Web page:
That Unheimlich Paddington trailer
Six months before its release, the film version of Michael Bond’s great stories is already causing some unease.
You could argue that, to this point, there have been few phenomena less unsettling than Paddington Bear. The original books by Michael Bond (happily, still with us) conjure up a delightfully warm version of post-war London that abounds with cheery characters such as Mr Gruber and old-school grumps such as Mr Curry. Paddington himself was a sort of holy fool. He was, I suppose, clever for a Peruvian bear. After all he could talk, which is more than most caniforms can manage. But, forever getting the wrong end of the stick, he brought various shades of chaos wherever he went.
The TV series offered an honourable and charming take on those books. The animation was uncomplicated, but all the more amiable for its lack of flash. The narration by Michael Horden was perfect.
There was no great reason to fear an upcoming film version. A graduate of Garth Marenghi’s Darkplace and The Mighty Boosh, director Paul King seemed to know what he was doing (though, as we’ll see, there were warnings worth heeding in that CV). Colin Firth seemed a good pick for Paddington’s voice. Nobody could suit the role of Mr Gruber better than Jim Broadbent. Hugh Bonneville was born to play Mr Brown, the kindly middle-class gent whose family adopts Paddington.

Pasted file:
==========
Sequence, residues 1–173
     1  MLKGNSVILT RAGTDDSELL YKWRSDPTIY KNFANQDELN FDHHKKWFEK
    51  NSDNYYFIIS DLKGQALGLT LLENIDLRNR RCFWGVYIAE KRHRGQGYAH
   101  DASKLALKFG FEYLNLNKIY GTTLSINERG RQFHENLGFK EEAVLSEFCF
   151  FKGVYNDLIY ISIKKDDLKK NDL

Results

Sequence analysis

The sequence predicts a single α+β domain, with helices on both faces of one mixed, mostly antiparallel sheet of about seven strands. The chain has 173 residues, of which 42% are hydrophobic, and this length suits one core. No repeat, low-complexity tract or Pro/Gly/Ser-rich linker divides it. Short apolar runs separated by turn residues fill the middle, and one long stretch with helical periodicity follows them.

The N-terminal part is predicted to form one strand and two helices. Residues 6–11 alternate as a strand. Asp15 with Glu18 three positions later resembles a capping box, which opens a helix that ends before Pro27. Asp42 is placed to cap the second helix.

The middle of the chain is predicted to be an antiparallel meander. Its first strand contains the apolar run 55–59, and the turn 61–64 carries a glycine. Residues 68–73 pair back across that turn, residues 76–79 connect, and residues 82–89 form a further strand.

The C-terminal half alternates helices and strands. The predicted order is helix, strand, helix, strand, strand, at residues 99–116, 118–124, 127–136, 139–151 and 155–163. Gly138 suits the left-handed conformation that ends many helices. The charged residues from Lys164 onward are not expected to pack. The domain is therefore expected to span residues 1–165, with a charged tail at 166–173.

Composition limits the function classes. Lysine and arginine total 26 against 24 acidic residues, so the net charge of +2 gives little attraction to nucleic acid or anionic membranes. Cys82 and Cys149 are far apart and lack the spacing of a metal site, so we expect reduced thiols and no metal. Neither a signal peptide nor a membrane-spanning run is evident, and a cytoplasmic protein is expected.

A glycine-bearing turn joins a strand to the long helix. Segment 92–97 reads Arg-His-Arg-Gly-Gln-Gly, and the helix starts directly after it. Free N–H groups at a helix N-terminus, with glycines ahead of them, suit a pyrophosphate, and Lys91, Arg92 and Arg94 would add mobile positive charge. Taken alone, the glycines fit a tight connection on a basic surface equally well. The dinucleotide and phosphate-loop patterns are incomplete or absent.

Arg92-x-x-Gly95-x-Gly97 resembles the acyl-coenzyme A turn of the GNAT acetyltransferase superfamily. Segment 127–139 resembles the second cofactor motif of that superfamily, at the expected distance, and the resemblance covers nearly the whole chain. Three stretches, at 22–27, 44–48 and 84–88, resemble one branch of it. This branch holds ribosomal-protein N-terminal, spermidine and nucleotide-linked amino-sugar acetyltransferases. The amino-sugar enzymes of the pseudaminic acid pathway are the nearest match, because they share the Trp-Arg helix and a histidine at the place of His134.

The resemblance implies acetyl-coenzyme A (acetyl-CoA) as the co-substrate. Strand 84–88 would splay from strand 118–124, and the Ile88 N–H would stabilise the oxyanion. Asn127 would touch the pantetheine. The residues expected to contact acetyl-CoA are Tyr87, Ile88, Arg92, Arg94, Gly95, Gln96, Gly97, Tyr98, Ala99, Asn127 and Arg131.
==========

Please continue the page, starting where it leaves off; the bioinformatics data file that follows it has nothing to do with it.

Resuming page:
Then we saw the first proper trailer…
As always in such situations, we point out that trailers tell us very little about the film to come. We have, this summer, already discussed how the Godzilla promo led many of us into believing that Gareth Edwards’s film would be a great deal less dull than it eventually turned out. To be fair, Bonneville is quite amusing in the opening section and the scenario has potential. But that animated bear! Oh heavens. Within minutes of the trailer appearing, “Creepy Paddington” has become a meme on Twitter, Tumblr and Instagram. People were placing the bear in scenes from Alien, The Shining, Game of Thrones and Cabin in the Woods. The latest Paddington has become a horror anti-hero for the new age.
I can’t pretend I am not aboard. My first reaction was a horrid shudder. It’s difficult to pin down what is quite so disturbing about the latest incarnation of Paddington. But it’s something to do with the swerve away from a cartoon image to a version that looks just too unsettlingly bear-like. I’m sure you like your cat. But it would be genuinely scary if he or she began talking, washing the dishes, playing with your X-Box or mending the vacuum cleaner. By investing too much reality in the beast, the makers of the film have granted him a sense of the Unheimlich – a Freudian notion concerning entities that are both familiar and strange. We are making our way straight into the Uncanny Valley here; that’s the point in the graph charting human response against anthropomorphism when the subject is eerily close to reality, but still a sliver away from making the grade. We don’t like that. For a good example, compare the creepy humans in Toy Story against the not remotely creepy toys. That studio quickly realised the problem and made a charming caricature of Boo in Monsters Inc.
How did we get here in a conversation about Paddington? One wonders what Studio Canal will make of it all. Well, the trailer has certainly generated a a great deal of chat. It’s not exactly the right kind of chat, mind. Paddington will be with us at Christmas. Until then, keep all the windows closed and all the doors locked. Most importantly, leave no marmalade sandwiches in plain view.